A community health worker, Victor Ogunsola, who was kidnapped by bandits and held for 17 days, shares his ordeal with TUNDE OYEKOLA
Tell us more about yourself.
My name is Victor Oladiran Ogunsola from Kwara State. I live in Damari village in the Birni Gwari Local Government Area of Kaduna State. The community is in the northern part of the state. It shares a boundary with Zamfara and Niger states. I am a community health supervisor and I own a private clinic in the village.
For how long have you lived in the community?
I have been living in the community for more than 22 years. When we came to the place, there was no problem until recently when we started experiencing the problem of banditry that has made the community no longer peaceful. The community now serves as the headquarters of a section of the bandits. Banditry is common in the area and bandits have launched many attacks in the area. On January 14, 2021, they attacked the community at about 11am and they left at 3pm without anyone stopping them. They attacked all the shops and they even came to my Clinic; they went away with my phone and money but they were not able to kidnap me because someone helped me out through the back door.
What about your family members?
My family members were not at the clinic during the attack. Only my workers and I were around; we all managed to escape but the attackers went away with our phones, money, and other valuables that they found in the clinic.
How were you abducted in the recent attack?
My family lives in Zaria and I commute between Zaria and Birni Gwari. I used to go there on Monday morning and return to Zaria to attend church on Sunday morning. In that village, we have Ansat, which is a breakaway faction of Boko Haram. They come to the town but they don’t attack. However, I didn’t know that they had been monitoring me. On Sunday, March 6, 2022, I left for Zaria at about 8am as usual to attend a church service. I carried two people from the village and was speeding to meet up with the church service. Suddenly, I saw two people who came shooting and they were aiming at my tyre. I saw another one in front. When I stopped, they ran toward me, collected my phones and all the money they could find on me. They did not touch the two other people in the car. They called another man with a motorcycle from the bush in their local dialect and took me into the bush. As we were going, I tried to escape but the three of us on the motorcycle fell. When that happened, they alleged that I wanted to snatch their gun so they started beating me. They hit me on the head with the gun, they then took me to another place where we met about 10 of them. When I got there, they told me that they had been instructed to kill me but would spare my life if I had the money to pay. They tore my clothes, blindfolded me and took me to another location where they tortured me and asked me how much I would give them. When I said I had N200,000, they descended on me with a big stick.
Did you see other victims in the kidnappers’ den?
Yes, I met three other people who were chained. I didn’t know how long they had been there but the bandits later chained my two legs and tied me to a tree, then they went away. They later returned and asked me who I wanted to talk to about the ransom. I told them that I wanted to speak with my wife. As soon as I started talking to her, they collected and asked me again how much I was willing to pay. I told them I would pay N2 million. They called my wife again and asked her the same question; when she said the same thing I said, she started crying. Their leader, who is known as Commander, said he would collect N100 million from me and ordered them to chain me to the tree again.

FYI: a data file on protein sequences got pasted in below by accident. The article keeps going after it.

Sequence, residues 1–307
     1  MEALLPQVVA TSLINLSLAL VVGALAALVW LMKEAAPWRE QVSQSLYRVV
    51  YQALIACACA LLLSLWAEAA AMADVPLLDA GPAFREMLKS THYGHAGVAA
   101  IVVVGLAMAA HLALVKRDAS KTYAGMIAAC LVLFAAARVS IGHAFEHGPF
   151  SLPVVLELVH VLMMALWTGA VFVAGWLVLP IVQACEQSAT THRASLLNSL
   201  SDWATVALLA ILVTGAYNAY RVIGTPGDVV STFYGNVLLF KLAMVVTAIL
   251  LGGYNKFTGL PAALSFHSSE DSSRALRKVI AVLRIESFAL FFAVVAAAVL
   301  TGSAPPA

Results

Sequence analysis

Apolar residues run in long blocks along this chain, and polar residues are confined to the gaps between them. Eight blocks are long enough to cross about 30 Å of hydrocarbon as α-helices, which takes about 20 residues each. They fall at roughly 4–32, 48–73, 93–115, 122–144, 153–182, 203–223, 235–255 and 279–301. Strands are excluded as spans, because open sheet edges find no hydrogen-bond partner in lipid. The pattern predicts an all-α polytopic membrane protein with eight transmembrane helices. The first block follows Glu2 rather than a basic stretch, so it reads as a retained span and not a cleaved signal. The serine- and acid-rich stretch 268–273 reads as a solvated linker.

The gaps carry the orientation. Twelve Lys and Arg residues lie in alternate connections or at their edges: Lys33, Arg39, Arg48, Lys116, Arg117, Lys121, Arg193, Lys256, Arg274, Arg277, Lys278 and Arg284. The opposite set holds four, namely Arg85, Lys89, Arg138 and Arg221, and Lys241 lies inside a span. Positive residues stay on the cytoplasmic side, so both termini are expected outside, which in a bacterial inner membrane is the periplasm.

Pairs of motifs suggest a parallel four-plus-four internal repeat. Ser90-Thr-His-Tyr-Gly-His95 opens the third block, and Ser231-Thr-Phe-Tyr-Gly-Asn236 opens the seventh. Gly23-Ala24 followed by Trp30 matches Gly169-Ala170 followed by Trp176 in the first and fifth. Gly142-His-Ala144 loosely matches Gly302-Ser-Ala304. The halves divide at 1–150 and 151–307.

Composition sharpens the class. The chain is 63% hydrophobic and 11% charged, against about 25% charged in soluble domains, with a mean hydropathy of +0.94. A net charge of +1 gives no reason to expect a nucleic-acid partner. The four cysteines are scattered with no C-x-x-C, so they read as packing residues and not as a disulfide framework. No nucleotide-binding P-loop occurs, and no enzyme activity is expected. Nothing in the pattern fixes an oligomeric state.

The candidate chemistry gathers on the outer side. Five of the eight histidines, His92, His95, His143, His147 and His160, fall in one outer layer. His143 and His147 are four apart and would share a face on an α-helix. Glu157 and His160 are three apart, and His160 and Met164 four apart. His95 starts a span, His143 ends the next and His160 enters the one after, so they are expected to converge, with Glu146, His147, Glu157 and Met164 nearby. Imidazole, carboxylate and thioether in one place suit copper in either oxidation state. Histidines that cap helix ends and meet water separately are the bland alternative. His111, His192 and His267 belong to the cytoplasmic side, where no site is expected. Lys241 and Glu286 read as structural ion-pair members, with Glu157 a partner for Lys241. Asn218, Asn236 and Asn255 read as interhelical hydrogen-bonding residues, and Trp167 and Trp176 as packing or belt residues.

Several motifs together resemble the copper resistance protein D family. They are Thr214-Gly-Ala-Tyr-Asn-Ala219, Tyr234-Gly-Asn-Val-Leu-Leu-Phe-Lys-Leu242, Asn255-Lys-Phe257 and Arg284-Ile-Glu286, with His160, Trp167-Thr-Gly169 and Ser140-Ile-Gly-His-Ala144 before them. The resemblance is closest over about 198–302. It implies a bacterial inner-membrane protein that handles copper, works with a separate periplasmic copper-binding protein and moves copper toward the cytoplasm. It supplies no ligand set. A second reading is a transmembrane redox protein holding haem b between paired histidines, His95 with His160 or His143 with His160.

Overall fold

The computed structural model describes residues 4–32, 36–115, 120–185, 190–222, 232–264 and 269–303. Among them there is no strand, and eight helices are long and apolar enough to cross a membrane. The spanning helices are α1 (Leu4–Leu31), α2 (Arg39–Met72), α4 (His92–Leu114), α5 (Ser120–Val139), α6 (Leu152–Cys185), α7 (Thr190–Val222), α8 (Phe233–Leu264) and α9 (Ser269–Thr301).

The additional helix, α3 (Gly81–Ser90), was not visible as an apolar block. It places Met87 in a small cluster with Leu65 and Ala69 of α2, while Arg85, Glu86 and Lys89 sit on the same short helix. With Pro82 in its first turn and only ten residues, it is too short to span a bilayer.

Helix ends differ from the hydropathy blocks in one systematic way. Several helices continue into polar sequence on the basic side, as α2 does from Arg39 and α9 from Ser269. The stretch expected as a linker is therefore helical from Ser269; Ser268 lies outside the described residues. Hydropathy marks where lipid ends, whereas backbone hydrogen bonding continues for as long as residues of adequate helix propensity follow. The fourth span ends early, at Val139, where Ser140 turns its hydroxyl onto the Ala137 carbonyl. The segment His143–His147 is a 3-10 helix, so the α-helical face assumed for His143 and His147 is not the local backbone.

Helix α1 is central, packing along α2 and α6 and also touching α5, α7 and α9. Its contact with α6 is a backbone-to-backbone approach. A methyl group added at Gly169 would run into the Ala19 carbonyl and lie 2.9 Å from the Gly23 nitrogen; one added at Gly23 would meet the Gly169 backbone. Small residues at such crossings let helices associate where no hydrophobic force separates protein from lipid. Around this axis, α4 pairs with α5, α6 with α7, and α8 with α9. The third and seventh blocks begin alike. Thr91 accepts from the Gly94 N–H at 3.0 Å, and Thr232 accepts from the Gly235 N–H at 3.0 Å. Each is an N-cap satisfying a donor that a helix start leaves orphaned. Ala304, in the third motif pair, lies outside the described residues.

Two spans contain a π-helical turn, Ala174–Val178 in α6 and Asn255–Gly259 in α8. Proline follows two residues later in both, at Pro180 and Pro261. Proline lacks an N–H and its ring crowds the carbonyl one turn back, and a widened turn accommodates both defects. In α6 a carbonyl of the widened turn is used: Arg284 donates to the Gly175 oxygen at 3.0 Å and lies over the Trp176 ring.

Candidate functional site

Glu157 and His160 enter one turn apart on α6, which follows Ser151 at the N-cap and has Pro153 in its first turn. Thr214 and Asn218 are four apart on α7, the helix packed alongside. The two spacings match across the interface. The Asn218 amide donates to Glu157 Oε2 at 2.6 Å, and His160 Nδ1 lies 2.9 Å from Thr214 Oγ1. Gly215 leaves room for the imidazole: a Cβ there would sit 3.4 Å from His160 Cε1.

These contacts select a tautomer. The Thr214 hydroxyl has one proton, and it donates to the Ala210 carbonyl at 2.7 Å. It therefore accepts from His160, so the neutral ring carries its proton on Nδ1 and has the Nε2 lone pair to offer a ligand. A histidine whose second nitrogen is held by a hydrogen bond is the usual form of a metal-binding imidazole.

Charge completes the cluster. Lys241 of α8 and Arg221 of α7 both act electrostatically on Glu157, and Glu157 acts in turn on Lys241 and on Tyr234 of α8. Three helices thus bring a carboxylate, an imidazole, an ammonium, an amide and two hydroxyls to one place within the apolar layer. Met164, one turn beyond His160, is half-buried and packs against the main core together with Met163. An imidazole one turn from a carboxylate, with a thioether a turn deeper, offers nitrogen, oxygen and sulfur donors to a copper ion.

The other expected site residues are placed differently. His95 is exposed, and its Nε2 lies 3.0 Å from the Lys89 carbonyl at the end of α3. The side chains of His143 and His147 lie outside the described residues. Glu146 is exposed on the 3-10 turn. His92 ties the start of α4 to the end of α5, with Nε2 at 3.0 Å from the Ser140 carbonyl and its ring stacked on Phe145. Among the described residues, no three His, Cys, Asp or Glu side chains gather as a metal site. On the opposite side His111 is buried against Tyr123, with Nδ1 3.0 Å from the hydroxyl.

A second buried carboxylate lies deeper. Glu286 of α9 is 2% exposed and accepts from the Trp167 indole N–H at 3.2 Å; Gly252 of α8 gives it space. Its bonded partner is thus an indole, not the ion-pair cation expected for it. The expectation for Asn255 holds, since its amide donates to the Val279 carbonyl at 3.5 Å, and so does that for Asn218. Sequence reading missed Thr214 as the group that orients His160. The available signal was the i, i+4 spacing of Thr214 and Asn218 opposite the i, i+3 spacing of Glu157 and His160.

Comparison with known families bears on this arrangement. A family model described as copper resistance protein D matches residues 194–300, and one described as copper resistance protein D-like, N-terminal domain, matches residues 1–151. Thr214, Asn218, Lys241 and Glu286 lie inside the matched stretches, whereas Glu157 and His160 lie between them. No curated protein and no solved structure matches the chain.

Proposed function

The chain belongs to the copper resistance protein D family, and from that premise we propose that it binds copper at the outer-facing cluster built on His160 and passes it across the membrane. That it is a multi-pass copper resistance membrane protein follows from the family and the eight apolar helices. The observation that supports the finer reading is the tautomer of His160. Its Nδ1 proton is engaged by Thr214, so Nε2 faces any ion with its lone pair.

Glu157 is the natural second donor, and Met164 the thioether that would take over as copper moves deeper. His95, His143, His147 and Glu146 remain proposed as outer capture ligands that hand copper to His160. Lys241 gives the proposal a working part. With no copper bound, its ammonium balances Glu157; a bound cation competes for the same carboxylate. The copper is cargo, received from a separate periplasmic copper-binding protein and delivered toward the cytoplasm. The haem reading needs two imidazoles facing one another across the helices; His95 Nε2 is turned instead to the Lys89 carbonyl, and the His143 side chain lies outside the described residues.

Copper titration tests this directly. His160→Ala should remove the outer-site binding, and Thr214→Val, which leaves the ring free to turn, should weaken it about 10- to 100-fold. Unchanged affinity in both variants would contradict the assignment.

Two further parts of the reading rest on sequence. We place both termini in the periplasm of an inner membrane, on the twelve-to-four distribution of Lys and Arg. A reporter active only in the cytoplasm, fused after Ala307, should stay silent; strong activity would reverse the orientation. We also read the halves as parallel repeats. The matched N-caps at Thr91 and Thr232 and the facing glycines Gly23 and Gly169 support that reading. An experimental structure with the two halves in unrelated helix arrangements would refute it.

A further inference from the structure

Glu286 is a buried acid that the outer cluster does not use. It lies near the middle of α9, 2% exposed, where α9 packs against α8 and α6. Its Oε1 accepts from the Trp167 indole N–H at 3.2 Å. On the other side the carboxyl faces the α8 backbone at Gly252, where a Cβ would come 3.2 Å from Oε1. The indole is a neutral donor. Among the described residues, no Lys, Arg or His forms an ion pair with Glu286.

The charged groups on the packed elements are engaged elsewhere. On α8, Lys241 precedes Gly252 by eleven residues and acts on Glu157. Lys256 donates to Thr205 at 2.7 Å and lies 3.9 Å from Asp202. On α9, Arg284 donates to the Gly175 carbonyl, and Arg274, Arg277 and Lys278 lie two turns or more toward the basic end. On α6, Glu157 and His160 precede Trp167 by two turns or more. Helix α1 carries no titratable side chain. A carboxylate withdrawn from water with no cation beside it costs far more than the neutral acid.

Was the ransom reduced?
When he came on the third day after I had been beaten, he said that he had reduced the ransom to N70 million. I later reduced it to N50 million, and later to N15 million. He gave me the phone again to talk to my wife, and I told her to ask my brothers whether they could raise the money. The commander threatened that I would be killed if the money was not raised in two days. After some days, he came and said he would not take anything less than N10 million, so I started begging him that my family members could raise N5 million after selling all my properties.
What did you eat to sustain yourself in captivity?
The four people assigned to prevent us from escaping prepared food for us in morning, afternoon and evening and our only meal was rice and beans. That was what we were fed throughout the 22 days I spent there. It was prepared with only salt, seasoning, and palm oil.
Did the kidnappers accept the N5 million you said your family raised?
After I had spent two weeks, their leader returned and said that if I could make the N5 million available the next day. But when I spoke with my brother on the phone, he told me that they could not raise the money. I started begging the leader of the kidnappers to allow me to pay N4 million which my people could raise and he agreed and gave me the phone to talk to my brother to bring the money. My brother brought the money to them but I was not released. Their leader said the money was not enough and that he would need an additional N6 million and three motorcycles before I would be set free. He later came back and told me that he had reduced the money to N4 million with two motorcycles. The next day when information came that the money had been paid, they brought a motorcycle and took me to the road. We didn’t go directly, they have tactics. They first took me to a place and later to the road before they called my brother to come. They told him to wait at a point where there were cows and that he would see me among the cows. When my brother told them that he was in the place, they told him to move forward and that he would see me. That was how I saw my brother.
They didn’t kidnap my brother because when they finally agreed, I told them that if they knew that they would kidnap the person bringing the money, they should leave me to stay with them. I begged them not to kidnap the person and they assured me that they would not kidnap him. My brother was the same person that brought the first and second tranches of the money paid as ransom.
When precisely were you set free?